In eighteenth-century America, a new country began forging its identity, while simultaneously keeping up with the latest London fashions. In order to fit homes in the newest styles, furniture makers adapted designs from cabinetmaker and upholsterer’s published pattern books. Approximately nineteen different English pattern books were known and used in eighteenth-century America. Craftsmen in America quoted designs directly, borrowed motifs, and interpreted these designs for their elite clientele. Cabinetmakers and upholsterers in eighteenth-century England established the precedent for using pattern books illustrating architecture and furniture to guide tradesmen in construction of the day’s fashionable furniture.
London booksellers came to the United States prior to the Revolution, bringing pattern books with them, including Thomas Chippendale’s The Gentleman and Cabinetmaker’s Director, first published in 1754 in London. The most widely owned pattern book in America in the eighteenth century, Chippendale’s Director’s third edition of 1762 portrayed furniture with classical proportions in Chinese, French, and Gothic styles. Chippendale design references were particularly popular in Philadelphia, where the Library Company lent their copy to local cabinetmakers. References were also found in furniture from the Chesapeake Bay region and Charleston, South Carolina, and Thomas Jefferson is recorded to have owned a copy. In actuality, few cabinetmakers could afford to own their own copies of English pattern books.
Later in the eighteenth century, two English design books highly influencing American furniture were Thomas Sheraton’s The Cabinet-Maker and Upholsterer’s Drawing Book (published in London in 1793, 1794, and 1803) and George Hepplewhite’s The Cabinet-Maker and Upholsterer’s Guide (published in London in 1788, 1789, and 1794). An armchair at the Dallas Museum of Art depicts a heavy reliance on Sheraton’s Plate 36, No. 1. Neoclassical elements including the urn, swags, feathers, and columns were often found on furniture from New York and Philadelphia.1 Hepplewhite’s Guide dominated designs in Baltimore, Hartford, and Salem at the end of the eighteenth century. A set of six Federal side chairs circa 1790 from Providence (sold at Doyle in 2016) derived the serpentine crest and pierced splat with urn from Hepplewhite’s Plate 4.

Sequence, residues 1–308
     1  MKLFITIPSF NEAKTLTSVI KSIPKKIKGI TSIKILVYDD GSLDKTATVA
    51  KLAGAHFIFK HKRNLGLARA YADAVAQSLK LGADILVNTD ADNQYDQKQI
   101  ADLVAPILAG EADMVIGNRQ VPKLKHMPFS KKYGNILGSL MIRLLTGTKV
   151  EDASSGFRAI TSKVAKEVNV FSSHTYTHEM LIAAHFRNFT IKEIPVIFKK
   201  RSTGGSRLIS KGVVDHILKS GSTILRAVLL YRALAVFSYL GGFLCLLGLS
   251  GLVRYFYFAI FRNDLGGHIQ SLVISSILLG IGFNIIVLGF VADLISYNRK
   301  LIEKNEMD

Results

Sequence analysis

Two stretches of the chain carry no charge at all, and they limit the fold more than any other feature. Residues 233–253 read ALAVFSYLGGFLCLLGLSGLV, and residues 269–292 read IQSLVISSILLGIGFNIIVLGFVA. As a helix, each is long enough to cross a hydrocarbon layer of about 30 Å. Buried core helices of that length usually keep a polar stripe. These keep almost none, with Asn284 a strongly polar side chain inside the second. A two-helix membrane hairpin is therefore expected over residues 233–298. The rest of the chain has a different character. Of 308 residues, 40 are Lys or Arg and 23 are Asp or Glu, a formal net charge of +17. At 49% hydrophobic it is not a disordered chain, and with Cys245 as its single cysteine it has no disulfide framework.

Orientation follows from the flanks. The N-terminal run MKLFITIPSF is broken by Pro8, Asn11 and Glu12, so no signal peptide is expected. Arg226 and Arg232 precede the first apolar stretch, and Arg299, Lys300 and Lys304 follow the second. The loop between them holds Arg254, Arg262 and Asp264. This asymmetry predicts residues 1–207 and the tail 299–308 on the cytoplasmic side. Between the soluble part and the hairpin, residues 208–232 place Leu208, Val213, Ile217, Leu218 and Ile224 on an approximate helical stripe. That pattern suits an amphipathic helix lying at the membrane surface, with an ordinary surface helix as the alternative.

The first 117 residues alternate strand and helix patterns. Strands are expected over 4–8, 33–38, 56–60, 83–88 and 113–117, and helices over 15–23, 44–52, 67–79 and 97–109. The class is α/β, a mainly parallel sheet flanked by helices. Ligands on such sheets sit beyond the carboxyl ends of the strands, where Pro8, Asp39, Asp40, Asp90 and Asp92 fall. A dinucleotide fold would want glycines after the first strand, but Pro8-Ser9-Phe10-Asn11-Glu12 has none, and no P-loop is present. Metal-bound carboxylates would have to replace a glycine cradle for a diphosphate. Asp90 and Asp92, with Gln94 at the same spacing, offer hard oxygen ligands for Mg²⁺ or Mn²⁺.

The Cabinet-Maker’s London Book of Prices was issued in Philadelphia in 1794 and 1796. Describing various furniture forms, patrons could choose different elements from the manual and pay accordingly, linking design and price.
The early nineteenth century saw a new influence from France. Charles Percier and Pierre-François-Léonard Fontaine’s Recueil Des Decorations Interieures published in 1801 defined a new bolder classical style influenced from antiquity and forged a connection between furniture design and interior decoration.
French-born New York cabinetmaker Charles-Honoré Lannuier worked primarily in the Neoclassical or Empire style. Prior to arriving in New York, Lannuier had established himself as a trained craftsman and took these skills with him while adapting to American furniture making. Doyle sold an impressive assembled pair of classical ormolu mounted mahogany swivel top card tables attributed to Lannuier, New York, circa 1815. The lions paw feet ending in leafy decoration are similar to the designs in Recueil.2
The fashions shifted to depict the current French taste in le gout antique of the Directoire and Consulat periods (1795-1804). The tastes of le gout antique took on an English vocabulary in the form of the Regency style with a Greek twist. This Grecian style characterized the designs of New York cabinetmaker Duncan Phyfe. Fashion journalist Pierre de La Mésangère’s Collection de Meubles et Objets de Gout published in Paris 1802-1835, was among several publications that likely influenced Phyfe. A pier table attributed to Duncan Phyfe’s workshop in the collection of the Metropolitan Museum of Art incorporates S-shaped console supports with minimal carving and veneered surfaces straight out of Mésangère.3
A gothic mahogany hall chair (sold at Doyle in 2012) with trefoils, quatrefoils, pointed arches, and crockets. The English Gothic Revival was immensely influential in America in the second quarter of the nineteenth century. It is possible the chair may have been influenced by gothic motifs in books such as A.W.N. Pugin’s Ornaments of the 15th and 16th Centuries.
Heckscher, Morrison H. “English Furniture Pattern Books in Eighteenth-Century America.” In American Furniture 1994, edited by Luke Beckerdite, pp. 173-205. Milwaukee: Chipstone Foundation, 1994.
1 Charles L Venable, American Furniture in the Bybee Collection (Austin, TX: University of Texas Press, 1989), 74-76.
2 Peter M. Kenny, Frances F. Bretter, and Ulrich Leben, Honore Lannuier, Cabinetmaker from Paris: The Life and Work of a French Ebeniste in Federal New York (New York, Metropolitan Museum of Art: 1998), 184.
3Peter M. Kenny, Michael K. Brown, Frances F. Bretter, and Matthew A. Thurlow, Duncan Phyfe: Master Cabinetmaker in New York (New York: Metropolitan Museum of Art, 2011), 69, 95.